This chapter takes a comparative approach to private ordering of shareholder litigation. To what extent can the players in shareholder litigation—companies, management, shareholders, and other investors—set the rules for litigation through private agreement? The chapter begins with the US example, in which dispute resolution provisions emerged in the constituent documents of US companies as a response to pressures from litigation. The contours of permissible provisions have not been exhaustively drawn, but dispute resolution bylaws have been tested in US state courts and were the subject of subnational legislation. The chapter then examines how private ordering of shareholder litigation—both intracorporate and securities suits—might function (or not) in the context of the EU and some of its constituent countries. This comparison highlights many of the similarities, as well as important differences, in how the United States and the EU approach private ordering in shareholder litigation.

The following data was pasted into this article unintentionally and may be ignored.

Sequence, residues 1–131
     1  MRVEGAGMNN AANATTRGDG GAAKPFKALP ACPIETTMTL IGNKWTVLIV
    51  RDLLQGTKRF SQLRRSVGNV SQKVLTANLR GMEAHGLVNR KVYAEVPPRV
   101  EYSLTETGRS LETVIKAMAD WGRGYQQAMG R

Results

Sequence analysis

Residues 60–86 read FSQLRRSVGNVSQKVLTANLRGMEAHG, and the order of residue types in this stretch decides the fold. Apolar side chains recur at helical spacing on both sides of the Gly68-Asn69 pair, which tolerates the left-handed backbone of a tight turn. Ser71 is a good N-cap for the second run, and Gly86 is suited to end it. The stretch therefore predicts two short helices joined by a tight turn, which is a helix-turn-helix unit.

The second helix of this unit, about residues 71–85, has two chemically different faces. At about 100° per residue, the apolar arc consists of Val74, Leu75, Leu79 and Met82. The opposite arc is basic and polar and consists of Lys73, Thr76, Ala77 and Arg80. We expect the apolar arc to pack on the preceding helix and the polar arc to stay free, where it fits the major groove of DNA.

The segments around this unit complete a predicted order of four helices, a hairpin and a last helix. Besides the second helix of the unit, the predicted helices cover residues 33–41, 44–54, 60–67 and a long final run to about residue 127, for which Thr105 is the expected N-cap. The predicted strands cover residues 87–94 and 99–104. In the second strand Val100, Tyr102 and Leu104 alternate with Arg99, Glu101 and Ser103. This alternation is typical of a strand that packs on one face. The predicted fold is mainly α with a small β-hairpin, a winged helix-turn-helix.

Matteo Gargantini and Verity Winship
Edited by Sean Griffith, Jessica Erickson, David H. Webber and Verity Winship
Shareholder litigation—primarily representative litigation on behalf of all stockholders of a corporation—has proliferated globally. Shareholder litigation has long been part of the corporate landscape in the United States, where shareholders can challenge nearly any corporate decision. The scope of shareholder suits, however, has been kept largely in check by a set of substantive and procedural rules. But in recent years these suits have proliferated as shareholders have taken advantage of innovative tactics and new doctrines. Moreover, shareholder litigation has begun to spread to jurisdictions other than the US, where it has taken on new forms. This research handbook provides a modernday survey of the state of shareholder litigation and offers empirical evidence of how these suits have developed. Its chapters provide indepth analyses of the forms of shareholder litigation, including securities class actions, merger litigation, derivative suits, and appraisal litigation. Through its examination of these different types of litigation, the book details some of the advantages and disadvantages of shareholder litigation. It explores such issues as the agency costs inherent in representative litigation, the challenges of multijurisdictional litigation and disclosureonly settlements, and the rise of institutional investors. It also surveys how related issues are addressed across the globe, with examinations of shareholder litigation in the United States, Canada, the United Kingdom, the European Union, Israel, and China.